Who Is the Most Influential American Theologian?

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Andrew K's picture

Olson's probably right. And his voice carries a lot of weight here, both for his shared history with Piper as well as his obvious theological differences.

Aaron Blumer's picture

EditorAdmin

Last quarter century, maybe so.

"Influential" is a pretty vague concept. If we say "most influential American theologian of all time," we have to do a lot more looking back, and one huge standout is Charles Finney. But it's a difficult question. Most influential on theology after him? Most influential on church and ministry practices? Most influential on popular assumptions? There are a ton of ways to look at influence.

Other notables: Augustus H. Strong. Jonathan Edwards. On the Arminian side, though, it would have to be Finney. When it comes to dominant attitudes and assumptions in the largest chunk of American Christianity, the evangelicals, that would be Arminianism ... ala Finney (and lots of imported influences, such as the Wesleys).

Jay's picture

Piper is well known and high profile, but if we're arguing most influential American theologian of the century, I think MacArthur has to be ranked above Piper simply because GTY's reach is so huge.  I was on GTY's mailing list long before I started reading Piper.

"Our task today is to tell people — who no longer know what sin is...no longer see themselves as sinners, and no longer have room for these categories — that Christ died for sins of which they do not think they’re guilty." - David Wells

Aaron Blumer's picture

EditorAdmin

Hard to measure something as nebulous as "influence," but JMac would indeed have to be high on the list. 

Ron Bean's picture

I'm one of those guys who availed himself of JM's free materials in the 1980's and benefited greatly then and still do. I like Piper but have not read him nearly as much as JM.

"Some things are of that nature as to make one's fancy chuckle, while his heart doth ache." John Bunyan

TylerR's picture

Editor

He's a very, very good bet. On SI a few months ago, many people defended Finney in a thread. It's amazing that people seek to defend the heresy he taught. 

Tyler is a pastor in Olympia, WA and an Investigations Manager with a Washington State agency. He's the author of the book What's It Mean to Be a Baptist?

Andrew K's picture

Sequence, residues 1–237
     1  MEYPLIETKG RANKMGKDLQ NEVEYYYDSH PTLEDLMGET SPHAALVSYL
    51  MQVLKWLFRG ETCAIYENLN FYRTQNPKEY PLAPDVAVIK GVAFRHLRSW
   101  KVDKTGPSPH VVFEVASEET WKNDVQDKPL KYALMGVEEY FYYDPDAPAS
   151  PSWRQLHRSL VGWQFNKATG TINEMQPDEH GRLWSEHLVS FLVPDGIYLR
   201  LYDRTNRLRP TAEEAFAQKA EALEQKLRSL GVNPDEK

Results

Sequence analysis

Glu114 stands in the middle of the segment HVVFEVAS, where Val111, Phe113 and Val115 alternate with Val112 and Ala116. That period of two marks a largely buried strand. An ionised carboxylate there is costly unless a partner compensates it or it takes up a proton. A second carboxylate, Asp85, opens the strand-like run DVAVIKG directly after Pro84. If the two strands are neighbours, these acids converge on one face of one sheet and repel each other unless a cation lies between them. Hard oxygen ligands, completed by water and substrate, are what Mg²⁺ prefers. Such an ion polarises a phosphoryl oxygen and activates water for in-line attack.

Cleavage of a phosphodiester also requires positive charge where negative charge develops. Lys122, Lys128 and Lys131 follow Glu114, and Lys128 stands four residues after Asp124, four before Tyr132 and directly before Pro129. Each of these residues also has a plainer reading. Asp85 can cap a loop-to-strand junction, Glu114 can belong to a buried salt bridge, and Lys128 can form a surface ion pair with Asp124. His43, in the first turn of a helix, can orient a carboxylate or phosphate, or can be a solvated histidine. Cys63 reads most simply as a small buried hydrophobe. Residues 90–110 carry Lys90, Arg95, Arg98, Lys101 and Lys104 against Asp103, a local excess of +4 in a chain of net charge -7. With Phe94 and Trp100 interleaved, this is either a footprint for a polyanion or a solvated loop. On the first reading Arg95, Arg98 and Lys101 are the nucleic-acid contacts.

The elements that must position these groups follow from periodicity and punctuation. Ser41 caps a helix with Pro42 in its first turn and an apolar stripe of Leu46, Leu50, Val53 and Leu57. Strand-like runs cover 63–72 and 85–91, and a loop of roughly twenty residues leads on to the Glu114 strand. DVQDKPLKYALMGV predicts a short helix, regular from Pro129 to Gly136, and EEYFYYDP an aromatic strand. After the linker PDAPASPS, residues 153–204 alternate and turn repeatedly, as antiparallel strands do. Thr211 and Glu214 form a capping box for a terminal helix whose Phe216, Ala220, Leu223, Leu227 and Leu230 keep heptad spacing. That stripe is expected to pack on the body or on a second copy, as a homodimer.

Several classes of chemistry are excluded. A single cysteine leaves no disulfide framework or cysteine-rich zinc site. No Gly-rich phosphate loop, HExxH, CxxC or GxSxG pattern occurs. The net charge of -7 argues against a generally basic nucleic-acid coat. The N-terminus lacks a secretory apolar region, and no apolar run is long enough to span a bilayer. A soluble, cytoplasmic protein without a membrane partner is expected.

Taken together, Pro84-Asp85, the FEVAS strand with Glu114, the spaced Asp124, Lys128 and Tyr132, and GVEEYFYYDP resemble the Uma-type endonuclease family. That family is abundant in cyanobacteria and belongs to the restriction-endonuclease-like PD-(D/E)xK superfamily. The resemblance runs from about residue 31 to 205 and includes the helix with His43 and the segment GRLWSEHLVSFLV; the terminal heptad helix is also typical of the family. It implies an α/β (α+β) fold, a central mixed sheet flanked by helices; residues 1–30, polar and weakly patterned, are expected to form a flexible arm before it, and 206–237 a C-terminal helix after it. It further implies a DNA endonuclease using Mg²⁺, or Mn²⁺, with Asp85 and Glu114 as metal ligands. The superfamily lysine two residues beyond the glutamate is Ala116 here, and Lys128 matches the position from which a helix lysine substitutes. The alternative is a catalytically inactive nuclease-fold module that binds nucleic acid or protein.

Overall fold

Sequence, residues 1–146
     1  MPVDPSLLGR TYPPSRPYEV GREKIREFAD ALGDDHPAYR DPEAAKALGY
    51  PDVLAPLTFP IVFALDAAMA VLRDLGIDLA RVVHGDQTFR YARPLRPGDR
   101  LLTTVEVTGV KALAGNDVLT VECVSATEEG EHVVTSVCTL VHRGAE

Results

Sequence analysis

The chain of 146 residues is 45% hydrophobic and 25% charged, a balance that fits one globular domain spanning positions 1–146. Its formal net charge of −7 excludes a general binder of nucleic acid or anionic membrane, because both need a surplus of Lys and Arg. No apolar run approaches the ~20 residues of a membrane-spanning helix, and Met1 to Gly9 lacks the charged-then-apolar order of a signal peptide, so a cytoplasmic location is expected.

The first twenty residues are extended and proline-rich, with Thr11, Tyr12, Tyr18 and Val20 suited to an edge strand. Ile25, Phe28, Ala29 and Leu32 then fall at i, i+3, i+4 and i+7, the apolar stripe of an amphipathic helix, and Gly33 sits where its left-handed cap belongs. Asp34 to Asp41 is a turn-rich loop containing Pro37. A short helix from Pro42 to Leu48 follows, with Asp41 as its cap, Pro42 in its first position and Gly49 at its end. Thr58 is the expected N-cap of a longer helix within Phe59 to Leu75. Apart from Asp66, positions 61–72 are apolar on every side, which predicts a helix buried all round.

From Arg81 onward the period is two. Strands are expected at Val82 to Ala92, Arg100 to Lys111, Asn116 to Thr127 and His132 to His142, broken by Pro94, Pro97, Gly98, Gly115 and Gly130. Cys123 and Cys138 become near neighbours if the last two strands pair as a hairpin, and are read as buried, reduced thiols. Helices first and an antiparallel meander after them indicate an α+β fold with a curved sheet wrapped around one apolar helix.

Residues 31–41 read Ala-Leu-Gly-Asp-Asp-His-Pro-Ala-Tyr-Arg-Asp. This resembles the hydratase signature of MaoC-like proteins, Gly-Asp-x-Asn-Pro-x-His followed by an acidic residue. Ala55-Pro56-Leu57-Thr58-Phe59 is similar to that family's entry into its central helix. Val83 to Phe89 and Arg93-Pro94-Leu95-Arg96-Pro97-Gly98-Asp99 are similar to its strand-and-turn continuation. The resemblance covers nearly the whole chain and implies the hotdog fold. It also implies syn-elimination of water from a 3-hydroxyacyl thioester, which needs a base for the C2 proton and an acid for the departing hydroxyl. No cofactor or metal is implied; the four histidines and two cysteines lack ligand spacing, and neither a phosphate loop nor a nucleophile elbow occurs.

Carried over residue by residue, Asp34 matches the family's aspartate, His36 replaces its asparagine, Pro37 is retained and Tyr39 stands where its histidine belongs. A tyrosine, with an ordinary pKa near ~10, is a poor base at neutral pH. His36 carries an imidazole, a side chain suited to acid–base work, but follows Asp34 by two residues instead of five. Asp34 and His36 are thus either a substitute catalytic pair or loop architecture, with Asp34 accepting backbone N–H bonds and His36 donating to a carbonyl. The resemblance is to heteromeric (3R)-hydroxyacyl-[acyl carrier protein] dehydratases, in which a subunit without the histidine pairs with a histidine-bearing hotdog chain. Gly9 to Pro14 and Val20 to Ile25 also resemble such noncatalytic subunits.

Definitely agree about Finney, but I thought we were qualifying it with "the last quarter of a century." Finney's influence certainly extends that far, but his life doesn't, right? ...right? :O 

G. N. Barkman's picture

For myself personally, and in the circles from which I came, John Mac Arthur would surely be the most influential.  But taking Evangelicalism as a whole, my vote goes to R. C. Sproul.  I think his influence outweighs both Piper and MacArthur.  (Just my subjective observation.)

G. N. Barkman

Bert Perry's picture

Paul's comments about the Corinthian church come to mind here.  Am I baptized in the name of Apollos, or Piper, or??  Love and cherish the good work PIper has done, don't get me wrong, but sometimes these things just plain give me the creeps.

Aspiring to be a stick in the mud.

Aaron Blumer's picture

EditorAdmin

Nobody here is expressing exclusive loyalty to any of these guys.

Bert Perry's picture

Aaron Blumer wrote:

Nobody here is expressing exclusive loyalty to any of these guys.

....because it's not like any big leaders these days have been clearly implicated in some pretty serious stuff by their own video out on YouTube or anything.  Sorry, Aaron, but fundagelicalism has a SERIOUS problem with hero worship, expressed in exactly the same kind of factions that Paul decries in 1 Corinthians.

Aspiring to be a stick in the mud.

Aaron Blumer's picture

EditorAdmin

Completely different topic, Bert.

Yes, there has been a hero worship problem. Not relevant.

(Nor is the "believe every bad thing you hear about a leader" problem, so I won't bring that up. ;-)) 

Andrew K's picture

For the record, I should add that I personally don't see Piper's influence as an unmixed blessing. I have my reservations on his "Christian hedonism," and even more serious reservations on his understanding of a "second justification by works." I also think he doesn't choose his associations very prudently, and I'm definitely more of a cessationist than he.

Nonetheless, I still think Olson is right here. I've moved in a lot of diverse denominational circles over the past decade, and Piper's influence is to be felt in all of them, to one degree or another. You won't typically meet charismatics, for example, who've read Sproul or (certainly not!) John Mac. But you will meet those who have read and appreciate Piper. Thus my agreement with Olson.

Bert Perry's picture

Aaron Blumer wrote:

Completely different topic, Bert.

Yes, there has been a hero worship problem. Not relevant.

(Nor is the "believe every bad thing you hear about a leader" problem, so I won't bring that up. ;-)) 

Yup, taking polls on "who is the most significant American theologian" has absolutely nothing to do with hero worship.  Certainly no one would ever use a person's celebrity to make incredibly stupid decisions regarding that person's work.  

/sarcasm_off

Aspiring to be a stick in the mud.

M. Osborne's picture

When Time named Stanley Hauerwas "America's Best Theologian," he was bemused, saying "'Best' is not a theological category."

Michael Osborne
Philadelphia, PA